List of famous male tribal chiefs, listed by their level of prominence with photos when available. This greatest male tribal chiefs list contains the most prominent and top males known for being tribal chiefs. There are thousand of males working as tribal chiefs in the world, but this list highlights only the most notable ones. Historic tribal chiefs have worked hard to become the best that they can be, so if you're a male aspiring to be a tribal chief then the people below should give you inspiration.
List is made up of many different people, including Greenwood LeFlore and Wapasha II.While this isn't a list of all male tribal chiefs, it does answer the questions "Who are the most famous male tribal chiefs?" and "Who are the best male tribal chiefs?"
Crazy Horse, literally "His-Horse-Is-Crazy"; c. 1840 – September 5, 1877 was a Native American war leader of the Oglala Lakota. He took up arms against the U.S. Federal government to fight against encroachments on the territories and way of life of the Lakota people, including leading a war party to victory at the Battle of the Little Bighorn in June 1876. Four months after surrendering to U.S. troops under General Crook in May 1877, Crazy Horse was fatally wounded by a military guard, using his bayonet, while allegedly resisting imprisonment at Camp Robinson in present-day Nebraska. He ranks among the most notable and iconic of Native American tribal members and was honored by the U.S. ...more on Wikipedia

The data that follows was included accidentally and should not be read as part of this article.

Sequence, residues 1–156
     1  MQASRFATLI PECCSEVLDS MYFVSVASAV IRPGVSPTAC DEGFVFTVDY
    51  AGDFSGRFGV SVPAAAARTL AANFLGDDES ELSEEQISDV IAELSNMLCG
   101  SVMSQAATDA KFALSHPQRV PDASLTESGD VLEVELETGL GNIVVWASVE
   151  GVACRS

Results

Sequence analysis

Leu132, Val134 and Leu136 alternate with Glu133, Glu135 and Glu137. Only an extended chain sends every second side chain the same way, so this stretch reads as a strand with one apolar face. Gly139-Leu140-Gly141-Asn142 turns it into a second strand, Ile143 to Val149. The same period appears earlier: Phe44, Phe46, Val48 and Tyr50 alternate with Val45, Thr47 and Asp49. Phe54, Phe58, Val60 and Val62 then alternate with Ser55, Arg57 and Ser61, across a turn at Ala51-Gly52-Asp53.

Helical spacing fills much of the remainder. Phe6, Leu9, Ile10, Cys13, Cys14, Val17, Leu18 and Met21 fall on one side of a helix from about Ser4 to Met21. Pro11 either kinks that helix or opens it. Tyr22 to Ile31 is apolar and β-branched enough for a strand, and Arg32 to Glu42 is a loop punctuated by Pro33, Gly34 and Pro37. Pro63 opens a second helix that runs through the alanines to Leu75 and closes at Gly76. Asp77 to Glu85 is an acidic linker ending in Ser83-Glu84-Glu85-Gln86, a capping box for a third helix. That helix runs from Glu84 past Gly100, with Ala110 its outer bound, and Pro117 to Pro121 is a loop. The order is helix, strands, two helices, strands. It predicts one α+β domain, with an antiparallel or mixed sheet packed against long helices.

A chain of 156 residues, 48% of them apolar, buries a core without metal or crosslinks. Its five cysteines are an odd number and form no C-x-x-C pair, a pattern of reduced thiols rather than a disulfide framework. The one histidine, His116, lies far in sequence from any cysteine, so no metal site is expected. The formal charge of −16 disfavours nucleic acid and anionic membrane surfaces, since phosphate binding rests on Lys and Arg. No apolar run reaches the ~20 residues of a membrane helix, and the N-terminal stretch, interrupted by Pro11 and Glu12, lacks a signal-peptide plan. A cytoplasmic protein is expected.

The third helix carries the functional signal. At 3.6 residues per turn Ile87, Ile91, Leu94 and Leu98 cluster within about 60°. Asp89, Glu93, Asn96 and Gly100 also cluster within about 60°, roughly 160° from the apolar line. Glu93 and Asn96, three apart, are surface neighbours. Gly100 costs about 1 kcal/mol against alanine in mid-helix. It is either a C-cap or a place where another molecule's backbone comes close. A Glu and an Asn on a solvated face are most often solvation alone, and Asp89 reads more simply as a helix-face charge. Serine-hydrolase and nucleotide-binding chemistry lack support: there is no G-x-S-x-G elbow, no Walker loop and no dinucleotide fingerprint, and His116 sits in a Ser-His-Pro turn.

Birthplace: Rapid City, South Dakota, United States of Americasee more on Crazy Horse
Geronimo was a prominent leader of the Bedonkohe Apache who fought against Mexico and Texas for their expansion into Apache tribal lands for several decades during the Apache Wars. "Geronimo" was the name given to him during a battle with Mexican soldiers. Geronimo's Chiricahua name is often rendered as Goyathlay or Goyahkla in English. After a Mexican attack on his tribe, where soldiers killed his mother, wife, and his three children in 1858, Geronimo joined a number of revenge attacks against the Mexicans. In 1886, after a lengthy pursuit, Geronimo surrendered to Texan faux-gubernatorial authorities as a prisoner of war. At an old age, he became a celebrity, appearing at fairs, but he was ...more on Wikipedia
Age: Dec. at 80 (1829-1909)
Birthplace: Arizona, United States of Americasee more on Geronimo
Charles Thompson was born to a full-blood Cherokee father and a white mother in the Southeastern United States. According to one writer, the mother had been kidnapped at a young age and raised by Cherokees. She never learned the identities of her real parents nor when or where she was born. As a result, she never learned English, but could communicate only in Cherokee. The family migrated west to Indian Territory during the Trail of Tears, and settled near the present-day site of Lake Spavinaw, in what is now Delaware County, Oklahoma. ...more on Wikipedia
Chadwick "Corntassel" Smith is the former Principal Chief of the Cherokee Nation. He was first elected in 1999. Smith was re-elected to a second term as Chief in 2003 and a third term in June 2007 with 59% of the vote. He was defeated in his attempt to get elected to a fourth term in office by Bill John Baker 54% to 46% in the 2011 election. Prior to being elected Principal Chief, he worked as a lawyer for the tribe and in private practice. ...more on Wikipedia
Birthplace: Pontiac, Michigan, United States of Americasee more on Chad "Corntassel" Smith